Recapping the third presidential debate

Julio Cortez
Moderator Chris Wallace turns towards the audience as he questions Democratic presidential nominee Hillary Clinton and Republican presidential nominee Donald Trump during the third presidential debate at UNLV in Las Vegas on Wednesday, Oct. 19, 2016. (AP Photo/Julio Cortez)

Hillary Clinton and Donald Trump took the stage for the third and final U.S. presidential debate on Oct. 19, 2016 at the University of Nevada, Las Vegas.

Supreme Court nominations

Clinton said the Supreme Court should stand up for women’s rights and LGBT rights.

“The Supreme Court should represent all of us. That’s how I see the court,” Clinton said. “And the kind of people that I would be looking to nominate to the court would be in the great tradition of standing up to the powerful, standing on behalf of our rights as Americans.”

Clinton also said the Senate should confirm President Barack Obama’s Supreme Court nominee.

Trump emphasized the need for a Supreme Court that upholds the Second Amendment

“I believe if my opponent should win this race — which I truly don’t think will happen — we will have a Second Amendment which will be a very, very small replica of what it is right now,” Trump said. 

Clinton said she supports the Second Amendment, but also supports comprehensive background checks and closing loopholes that allow the sale of guns online and at gun shows.

“Because I support the Second Amendment doesn’t mean that I want people who shouldn’t have guns to be able to threaten you, kill you or members of your family,” Clinton said.


Trump said he would appoint pro-life judges to the Supreme Court if he were elected, and that those pro-life judges would overturn Roe v. Wade. Trump said each state would then be able to enact legislation on abortion.

Clinton said she supports Roe v. Wade. She said she voted against a ban on late-term partial-birth abortions because women sometimes discover toward the end of their pregnancies that carrying their pregnancies to term would jeopardize their health.

“The kinds of cases that fall at the end of pregnancy are often the most heartbreaking, painful decisions for families to make,” Clinton said. “I do not think the United States government should be stepping in and making those most personal of decisions.”

Trump said late-term partial-birth abortions are terrible.

“Based on what she’s saying and based on where she’s going and where she’s been, you can take the baby and rip the baby out of the womb on the ninth month on the final day, and that’s not acceptable,” Trump said.


Trump criticized Clinton’s stance on immigration and emphasized the need for strong borders.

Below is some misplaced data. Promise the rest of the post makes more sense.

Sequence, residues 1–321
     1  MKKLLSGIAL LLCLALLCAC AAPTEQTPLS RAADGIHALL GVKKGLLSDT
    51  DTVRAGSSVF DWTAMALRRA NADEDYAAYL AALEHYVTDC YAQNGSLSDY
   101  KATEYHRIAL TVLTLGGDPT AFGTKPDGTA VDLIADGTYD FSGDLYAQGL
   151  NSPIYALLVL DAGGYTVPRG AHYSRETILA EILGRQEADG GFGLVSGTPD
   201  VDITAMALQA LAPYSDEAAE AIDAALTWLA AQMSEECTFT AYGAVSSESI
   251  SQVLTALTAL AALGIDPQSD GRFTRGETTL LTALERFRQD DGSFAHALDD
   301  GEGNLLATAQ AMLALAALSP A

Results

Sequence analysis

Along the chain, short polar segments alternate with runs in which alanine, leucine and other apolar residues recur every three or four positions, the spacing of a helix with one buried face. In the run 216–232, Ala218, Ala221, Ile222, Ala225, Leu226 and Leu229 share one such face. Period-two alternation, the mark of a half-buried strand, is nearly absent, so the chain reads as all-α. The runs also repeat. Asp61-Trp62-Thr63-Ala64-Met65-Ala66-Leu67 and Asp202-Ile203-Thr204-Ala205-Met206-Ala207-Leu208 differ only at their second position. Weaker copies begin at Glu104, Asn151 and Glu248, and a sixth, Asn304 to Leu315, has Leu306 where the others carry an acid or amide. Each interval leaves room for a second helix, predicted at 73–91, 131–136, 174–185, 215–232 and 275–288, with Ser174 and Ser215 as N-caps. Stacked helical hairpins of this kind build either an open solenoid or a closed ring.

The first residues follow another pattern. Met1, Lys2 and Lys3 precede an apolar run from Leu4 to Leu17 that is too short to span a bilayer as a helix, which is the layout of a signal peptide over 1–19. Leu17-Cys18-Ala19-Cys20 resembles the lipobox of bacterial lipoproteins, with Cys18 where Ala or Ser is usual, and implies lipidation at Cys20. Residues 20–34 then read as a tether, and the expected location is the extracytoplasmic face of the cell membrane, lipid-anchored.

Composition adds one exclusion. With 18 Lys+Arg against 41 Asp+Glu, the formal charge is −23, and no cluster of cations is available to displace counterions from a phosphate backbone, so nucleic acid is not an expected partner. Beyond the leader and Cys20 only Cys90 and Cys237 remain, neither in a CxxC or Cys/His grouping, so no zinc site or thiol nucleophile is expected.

“They are coming in illegally. Drugs are pouring in through the border. We have no country if we have no border,” Trump said. “But we have some bad hombres here that we’re going to get them out.”

Clinton said she supports border security and would introduce comprehensive immigration reform and a path to citizenship within the first 100 days of her presidency.

“I don’t want to rip families apart. I don’t want to be sending parents away from children,” Clinton said. “I think that is an idea that is not in keeping with who we are as a nation. I think it’s an idea that would rip our country apart.”

The economy

Clinton said she wants to raise the national minimum wage, ensure women get equal pay for equal work, invest in clean energy and make college debt-free for families making less than $125,000 per year.

“I think when the middle class thrives, North America thrives, and so my plan is based on growing the economy, giving middle-class families many more opportunities,” Clinton said.

Trump said Clinton’s plan will raise taxes. He said the U.S. shouldn’t provide military support for NATO member states if those states have met their financial obligations for being in NATO.

“I’m a big fan of NATO, but they have to pay up,” Trump said. “(Clinton) comes out and says we love our allies, we think our allies are great. Well, it’s awfully hard to get them to pay up when you have someone saying we think how good they are.”

Sexual assault allegations

Trump denied sexually assaulting — or even knowing — the women who have come forward with allegations against him.

“I think they want either fame or (Clinton’s) campaign did it,” Trump said. “I believe, Chris, that she got these people to step forward. If it wasn’t, they get their ten minutes of fame.”

Clinton said Trump has criticized his accusers’ appearances.

“Donald thinks belittling women makes him bigger. He goes after their dignity, their self-worth, and I don’t think there is a woman anywhere who doesn’t know what that feels like,” Clinton said. “I think it’s really up to all of us to demonstrate who we are and who our country is.”

The Clinton Foundation

In response to concerns about conflicts of interest between the Clinton Foundation and Clinton’s role as Secretary of State, Clinton said everything she did as Secretary of State was in the interest of the U.S.

“The State Department has said that; I think that it’s been proven,” Clinton said.

Trump criticized Clinton because the Clinton Foundation has accepted money from countries with poor civil rights records.

“So these are people that push gays off buildings. These are people that kill women and treat women horribly, and yet you take their money,” Trump said. “So I’d like to ask you right now, why don’t you give back the money that you’ve taken from certain countries that treat certain groups of people so horribly?”

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